It was a valentine party at the Symposia Bookstore. Why it was held on Lincoln's birthday, I'm not sure, but the owners of the Symposia are from Roumania or Bulgaria or somewhere so they chose the day.
I met them at a little dinner party at Cristina's last spring. It was wonderful, like being at dinner in Geneva once again--everybody at the table except for Cristina's husband Ron (from Pennsylvania) and me spoke perfect English with a trace of an accent from somewhere, and we talked of grand topics and not just local things or shopping. I had liked the couple enormously, and had already frequented their bookstore, which is right in the middle of town on "the avenue"--Washington Street.
Valentine's party guests were asked to bring a dish and a favorite love poem. On my Shameless Self-Promotion Tour, I decided to read a poem that appears in my new book The Fair Hope of Heaven, "The Chain I Wear for You," by Gretchen Riggs, my old theatre mentor. I didn't know the party would entail a full meal, so I ate before leaving home, but brought crackers and a dip made of tunafish and beans. It may not sound good, but it is.
I was met at the door by a very aggressive and pleasant young man who, if I didn't know better, I would have thought was rushing me. It wasn't long before I learned that he works at the store. He was being professional, keeping the party moving, talking with everybody. A beautiful old lady, Antonella--in a red sweater with a black feather boa was already holding court, talking of Italy and how wonderful it is to be Italian. She was thrilled that I had lived for six years in Geneva, although she had never been there. She was enthralled in what looked to be a lifelong argument with her table neighbor, a lady who looked like Gilda Radner and who had traveled Europe with her. When Gilda said, "Is there meat in this? I don't eat meat", it set Antonella off--"You don't eat meat, you don't eat anything, all over Europe you complain about the food. I am Italian and I love to eat!"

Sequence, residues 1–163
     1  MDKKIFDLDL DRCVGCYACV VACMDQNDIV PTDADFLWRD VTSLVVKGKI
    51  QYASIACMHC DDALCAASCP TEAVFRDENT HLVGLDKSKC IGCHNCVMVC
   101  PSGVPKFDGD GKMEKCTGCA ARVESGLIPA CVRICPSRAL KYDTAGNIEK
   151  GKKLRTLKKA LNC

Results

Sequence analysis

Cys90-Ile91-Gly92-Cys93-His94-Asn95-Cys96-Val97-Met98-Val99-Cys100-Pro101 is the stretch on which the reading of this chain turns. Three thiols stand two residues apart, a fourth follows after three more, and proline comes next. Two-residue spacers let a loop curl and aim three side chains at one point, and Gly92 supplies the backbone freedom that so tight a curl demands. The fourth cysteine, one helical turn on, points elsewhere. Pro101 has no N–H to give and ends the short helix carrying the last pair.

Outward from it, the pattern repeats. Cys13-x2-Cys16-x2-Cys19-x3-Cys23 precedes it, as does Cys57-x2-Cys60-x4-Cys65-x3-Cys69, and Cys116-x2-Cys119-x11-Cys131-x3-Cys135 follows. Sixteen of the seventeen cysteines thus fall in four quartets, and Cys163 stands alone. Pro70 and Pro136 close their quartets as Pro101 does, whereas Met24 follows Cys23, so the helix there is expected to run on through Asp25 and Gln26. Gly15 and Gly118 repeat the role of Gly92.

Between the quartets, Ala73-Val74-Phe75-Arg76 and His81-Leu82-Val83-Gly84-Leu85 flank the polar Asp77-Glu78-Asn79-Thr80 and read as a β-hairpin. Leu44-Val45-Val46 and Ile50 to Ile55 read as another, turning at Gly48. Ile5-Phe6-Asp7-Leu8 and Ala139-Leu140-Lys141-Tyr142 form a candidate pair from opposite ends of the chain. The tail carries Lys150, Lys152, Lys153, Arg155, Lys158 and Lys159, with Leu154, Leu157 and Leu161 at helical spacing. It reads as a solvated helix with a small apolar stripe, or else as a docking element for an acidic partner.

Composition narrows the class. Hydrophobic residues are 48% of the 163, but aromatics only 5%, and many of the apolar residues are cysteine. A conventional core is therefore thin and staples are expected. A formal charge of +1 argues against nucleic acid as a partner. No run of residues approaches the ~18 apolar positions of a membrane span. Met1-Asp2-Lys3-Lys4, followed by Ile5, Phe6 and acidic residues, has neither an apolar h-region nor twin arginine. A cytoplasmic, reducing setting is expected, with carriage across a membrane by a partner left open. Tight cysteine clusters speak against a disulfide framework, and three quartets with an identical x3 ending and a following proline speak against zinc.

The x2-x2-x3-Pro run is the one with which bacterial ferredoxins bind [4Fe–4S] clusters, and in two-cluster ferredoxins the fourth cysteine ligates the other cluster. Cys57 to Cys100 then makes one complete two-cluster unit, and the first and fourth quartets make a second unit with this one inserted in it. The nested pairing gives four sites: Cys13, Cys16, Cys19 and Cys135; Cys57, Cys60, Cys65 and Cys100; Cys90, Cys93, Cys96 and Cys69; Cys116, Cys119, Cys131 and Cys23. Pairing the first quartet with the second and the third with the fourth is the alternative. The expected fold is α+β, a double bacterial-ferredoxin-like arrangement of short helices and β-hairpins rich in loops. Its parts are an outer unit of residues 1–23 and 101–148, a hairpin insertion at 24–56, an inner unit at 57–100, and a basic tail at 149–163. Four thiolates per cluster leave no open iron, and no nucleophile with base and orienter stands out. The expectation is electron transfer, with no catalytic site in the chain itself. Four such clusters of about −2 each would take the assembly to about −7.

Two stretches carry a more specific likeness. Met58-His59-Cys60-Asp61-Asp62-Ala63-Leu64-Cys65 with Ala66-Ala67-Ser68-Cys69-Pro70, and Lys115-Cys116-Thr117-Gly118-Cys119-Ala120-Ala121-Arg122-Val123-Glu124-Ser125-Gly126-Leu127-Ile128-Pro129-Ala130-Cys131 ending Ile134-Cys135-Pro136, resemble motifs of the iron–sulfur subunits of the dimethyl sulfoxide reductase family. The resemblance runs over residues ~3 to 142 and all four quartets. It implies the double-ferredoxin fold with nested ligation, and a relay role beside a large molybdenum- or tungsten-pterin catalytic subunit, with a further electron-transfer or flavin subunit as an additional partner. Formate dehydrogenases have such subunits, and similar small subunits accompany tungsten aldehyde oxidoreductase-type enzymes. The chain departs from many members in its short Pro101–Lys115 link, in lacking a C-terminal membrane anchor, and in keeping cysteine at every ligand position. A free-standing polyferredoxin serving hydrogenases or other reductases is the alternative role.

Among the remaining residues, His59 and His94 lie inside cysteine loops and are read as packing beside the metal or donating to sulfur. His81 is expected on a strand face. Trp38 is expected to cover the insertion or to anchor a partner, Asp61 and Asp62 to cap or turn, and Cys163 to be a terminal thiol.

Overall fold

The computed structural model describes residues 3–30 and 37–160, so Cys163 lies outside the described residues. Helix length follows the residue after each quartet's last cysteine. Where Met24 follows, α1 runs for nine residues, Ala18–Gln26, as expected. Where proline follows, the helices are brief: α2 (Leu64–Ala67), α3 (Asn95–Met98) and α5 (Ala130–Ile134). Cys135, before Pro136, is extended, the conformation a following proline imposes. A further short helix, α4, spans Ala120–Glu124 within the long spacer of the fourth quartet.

I said to Nancy, bouncy-haired and smart, and sitting on my right, "That must have been a wonderful trip," and they two of them said it had been a wonderful trip all right. Gilda said she never complained about food.
The place filled up. The tabled groaned. Everybody was noisy and having a good time. Ron came in and said Cristina was coming in the car and would call him on his cell phone if she couldn't find a parking space.
The time came to read the poems. Nancy started off by reading something by Anthony de Mello on the meaning of love. De Mello I knew from the old 12-Step Sunday meetings led by the wonderful Paul Sheldon in Alabama. Nancy's choice stated that love must be based on first really knowing the object of one's love and accepting his or her reality. All other love is self-love.
Carmen asked who had the nerve to follow that one. Gilda had a beautiful ancient Egyptian poem by a man whose wife (his "sister," she told us, was the way the ancients put it) had left to join the gods seven days before.
Then it was time for me and Gretchen's poem. I held up the book, described Gretchen, read the poem and the paragraph that follows it. I don't know how it went over. People were quiet. They were listening. It wasn't too long. But as far as self-promotion goes, nobody asked where they could buy the book. But I'll bet they are thinking about it.
Just as I am thinking this morning about what a grand little party it was, what a pleasant tribe. Cristina and Ron drove me home, and as we got into the car, she said to me, "I knew you'd like those people."